As every one knows who has read about the country, Japan contains a great many tea-houses, or places of rest and refreshment. They are to Japan what the beer-hall is to Germany, the wine-shop to France, or the whiskey-saloon to America, with the difference in their favor that they are much more numerous, and patronized by all classes of people. The first visitors to Japan came away with erroneous notions about the character of the tea-house, and these errors have found their way into books on the country and been repeated many times, to the great scandal of the people of the empire of the Mikado. The truth is that the tea-house is a perfectly reputable and correct place in nineteen cases out of twenty. It may have a bad character in the twentieth instance, just as there is now and then a hotel in New York or other city that is the resort of thieves and various bad persons. Nearly all classes of people in Japan, who can afford to do so, resort to the tea-houses, either in the hot hours of the day or in the evening. One can purchase, in addition to tea, a variety of light refreshments, and the building is almost invariably well ventilated and prettily situated. A person may sit in public if he wishes, or he may have one of the rooms partitioned off for himself and be quite secluded. The rooms are made, as in the hotels and other houses, by means of paper partitions, and can be formed with great rapidity.


      Of lacquer-ware, of all kinds and prices, there was literally no end. There were trays and little boxes which could be had for a shilling or two, and there were cabinets and work-stands with numerous drawers and sliding panels curiously contrived, that a hundred dollars, or even five hundred, would not buy. Between these two figures there was a wide range, so that the most modest purse could be gratified as well as the most plethoric one. Frank found that the dealers did not put their best goods where they could be most readily seen. The front of a shop contained only the most ordinary things; and if you wanted to look at the better articles, it was necessary to say so. When the merchant knew what his customer wanted, he led the way to the rear store, or perhaps to an upper floor, where the best goods were kept. It was necessary to walk very carefully in these shops, as they were very densely crowded with goods, and the least incaution might result in overthrowing some of the brittle articles. A clumsy visitor in one of these establishments a few days before Frank called there had broken a vase valued at fifty dollars, and while stooping to pick up the fragments he knocked down another worth nearly half that amount. He paid for the damage, and in future declined to go around loosely in a Japanese store."Sayonara!" said Frank, raising his cap and bowing towards the receding land.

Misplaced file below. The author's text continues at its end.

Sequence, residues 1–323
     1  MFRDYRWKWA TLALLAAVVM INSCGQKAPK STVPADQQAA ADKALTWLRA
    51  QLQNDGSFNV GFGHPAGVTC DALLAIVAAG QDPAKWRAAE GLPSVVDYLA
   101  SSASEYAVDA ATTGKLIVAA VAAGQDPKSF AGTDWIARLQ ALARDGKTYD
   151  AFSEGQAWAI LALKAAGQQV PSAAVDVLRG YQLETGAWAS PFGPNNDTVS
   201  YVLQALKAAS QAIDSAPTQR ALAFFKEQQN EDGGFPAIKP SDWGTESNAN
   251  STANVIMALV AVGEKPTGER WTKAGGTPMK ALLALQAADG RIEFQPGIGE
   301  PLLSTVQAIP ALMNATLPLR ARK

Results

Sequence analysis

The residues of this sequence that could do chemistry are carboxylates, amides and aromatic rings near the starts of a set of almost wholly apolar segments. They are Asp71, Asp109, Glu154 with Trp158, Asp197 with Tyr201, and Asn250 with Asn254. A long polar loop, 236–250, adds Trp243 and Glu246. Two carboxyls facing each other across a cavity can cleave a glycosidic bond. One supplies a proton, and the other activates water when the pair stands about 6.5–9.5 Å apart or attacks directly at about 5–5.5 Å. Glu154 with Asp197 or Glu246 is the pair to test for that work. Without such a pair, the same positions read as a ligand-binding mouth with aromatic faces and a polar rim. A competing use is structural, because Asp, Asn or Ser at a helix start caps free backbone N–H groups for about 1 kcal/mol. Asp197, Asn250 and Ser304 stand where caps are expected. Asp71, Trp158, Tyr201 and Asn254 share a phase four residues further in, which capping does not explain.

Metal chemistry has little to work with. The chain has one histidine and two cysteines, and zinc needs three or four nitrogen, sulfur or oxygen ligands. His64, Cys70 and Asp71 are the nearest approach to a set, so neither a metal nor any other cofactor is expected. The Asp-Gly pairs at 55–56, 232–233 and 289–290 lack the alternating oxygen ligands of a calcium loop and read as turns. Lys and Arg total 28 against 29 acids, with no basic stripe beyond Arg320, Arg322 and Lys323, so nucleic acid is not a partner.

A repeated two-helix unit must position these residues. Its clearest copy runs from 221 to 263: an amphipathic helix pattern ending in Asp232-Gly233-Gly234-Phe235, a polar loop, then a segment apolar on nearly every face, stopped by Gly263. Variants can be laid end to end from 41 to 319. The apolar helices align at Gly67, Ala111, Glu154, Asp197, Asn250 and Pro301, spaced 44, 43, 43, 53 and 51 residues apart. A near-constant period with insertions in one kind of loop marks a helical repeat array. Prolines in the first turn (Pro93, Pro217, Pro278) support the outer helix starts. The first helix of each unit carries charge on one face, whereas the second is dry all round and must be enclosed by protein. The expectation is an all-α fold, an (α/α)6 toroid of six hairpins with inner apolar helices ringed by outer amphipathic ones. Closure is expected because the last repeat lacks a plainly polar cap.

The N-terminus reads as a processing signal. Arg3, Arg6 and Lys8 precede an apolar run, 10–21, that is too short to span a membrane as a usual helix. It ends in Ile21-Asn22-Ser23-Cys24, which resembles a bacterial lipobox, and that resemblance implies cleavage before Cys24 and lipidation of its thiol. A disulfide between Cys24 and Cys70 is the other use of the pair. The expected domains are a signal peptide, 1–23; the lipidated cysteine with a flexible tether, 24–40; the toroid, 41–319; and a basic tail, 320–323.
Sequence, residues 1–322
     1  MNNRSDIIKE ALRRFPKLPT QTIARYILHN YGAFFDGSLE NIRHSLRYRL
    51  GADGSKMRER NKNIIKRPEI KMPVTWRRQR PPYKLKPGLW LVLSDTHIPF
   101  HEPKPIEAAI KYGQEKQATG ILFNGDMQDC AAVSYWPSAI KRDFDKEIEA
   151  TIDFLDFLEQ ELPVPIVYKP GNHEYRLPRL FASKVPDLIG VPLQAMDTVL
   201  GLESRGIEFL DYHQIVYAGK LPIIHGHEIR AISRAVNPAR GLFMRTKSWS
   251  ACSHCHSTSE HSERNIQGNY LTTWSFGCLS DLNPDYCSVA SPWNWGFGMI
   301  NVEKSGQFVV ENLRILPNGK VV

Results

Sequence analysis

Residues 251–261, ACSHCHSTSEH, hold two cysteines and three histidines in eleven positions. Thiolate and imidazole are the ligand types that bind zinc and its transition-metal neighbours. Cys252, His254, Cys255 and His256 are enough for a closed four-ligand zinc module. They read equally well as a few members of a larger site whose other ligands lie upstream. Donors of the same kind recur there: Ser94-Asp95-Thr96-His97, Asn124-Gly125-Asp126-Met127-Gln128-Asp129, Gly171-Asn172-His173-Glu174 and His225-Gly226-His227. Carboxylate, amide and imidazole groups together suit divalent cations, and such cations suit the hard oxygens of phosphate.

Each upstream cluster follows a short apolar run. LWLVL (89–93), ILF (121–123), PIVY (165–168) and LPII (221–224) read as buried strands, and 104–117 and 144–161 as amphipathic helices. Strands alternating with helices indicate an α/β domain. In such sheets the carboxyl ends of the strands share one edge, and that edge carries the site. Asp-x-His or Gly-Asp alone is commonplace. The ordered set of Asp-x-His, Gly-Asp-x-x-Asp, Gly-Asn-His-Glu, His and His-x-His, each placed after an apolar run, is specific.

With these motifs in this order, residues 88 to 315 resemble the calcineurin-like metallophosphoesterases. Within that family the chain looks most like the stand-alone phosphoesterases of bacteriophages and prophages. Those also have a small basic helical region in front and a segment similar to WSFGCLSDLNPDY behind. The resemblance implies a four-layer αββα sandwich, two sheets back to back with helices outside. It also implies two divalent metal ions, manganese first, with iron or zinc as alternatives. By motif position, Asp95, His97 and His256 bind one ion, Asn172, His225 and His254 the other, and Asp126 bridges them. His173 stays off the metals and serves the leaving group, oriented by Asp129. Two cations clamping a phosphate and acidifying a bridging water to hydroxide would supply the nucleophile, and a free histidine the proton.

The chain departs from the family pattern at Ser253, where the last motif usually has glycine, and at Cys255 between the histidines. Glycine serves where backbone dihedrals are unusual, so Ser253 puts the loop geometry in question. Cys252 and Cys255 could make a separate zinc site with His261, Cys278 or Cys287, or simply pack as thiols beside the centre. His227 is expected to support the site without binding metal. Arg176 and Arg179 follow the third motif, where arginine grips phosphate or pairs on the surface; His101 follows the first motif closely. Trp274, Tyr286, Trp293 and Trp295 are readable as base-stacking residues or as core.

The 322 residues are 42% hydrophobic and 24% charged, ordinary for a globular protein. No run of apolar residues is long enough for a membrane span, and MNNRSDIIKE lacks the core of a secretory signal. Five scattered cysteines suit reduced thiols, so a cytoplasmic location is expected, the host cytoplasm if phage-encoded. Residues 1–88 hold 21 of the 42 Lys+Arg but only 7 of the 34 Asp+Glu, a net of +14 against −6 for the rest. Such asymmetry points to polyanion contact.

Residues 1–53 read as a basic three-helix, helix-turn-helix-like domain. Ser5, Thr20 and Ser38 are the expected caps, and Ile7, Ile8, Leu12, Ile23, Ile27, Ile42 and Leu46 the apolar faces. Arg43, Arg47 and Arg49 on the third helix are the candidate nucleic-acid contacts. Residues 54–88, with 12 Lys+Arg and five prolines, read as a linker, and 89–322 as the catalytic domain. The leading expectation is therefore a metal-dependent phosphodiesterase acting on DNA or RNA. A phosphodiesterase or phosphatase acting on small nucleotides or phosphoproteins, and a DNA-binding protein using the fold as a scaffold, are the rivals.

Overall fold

"No," replied Sergeant Jim, "I doubt if the most of 'em are." I turned to him and drew down my under eyelid. "Will you kindly tell me, sir, if you see any unnatural discoloration in there?""The guide said there were two kinds of leprosy, the 'wet' and the 'dry.' In the wet leprosy the body of the victim abounds in running sores, while in the dry there is nothing of the sort, and the appearance of the skin is not greatly different from what it is in health. The disease generally attacks the joints of the hands or feet, particularly those of the former, and the sufferer loses the first joint of the fingers and thumbs at about the same time. Then, in a few months, he loses the second joints, and in two or[Pg 415] three months more the third joints go. We saw lepers in all the stages of the diseasesome with the first joints of the hands gone, others who had lost the second joints, and others the third; while others, again, had lost the hands at the wrists. There seems to be no cure for most of the forms of the leprosy; and when a man is attacked with it, he must go at once to the hospital, no matter whether he is rich or poor. And when he has gone there, he generally remains till death relieves him from his sufferings.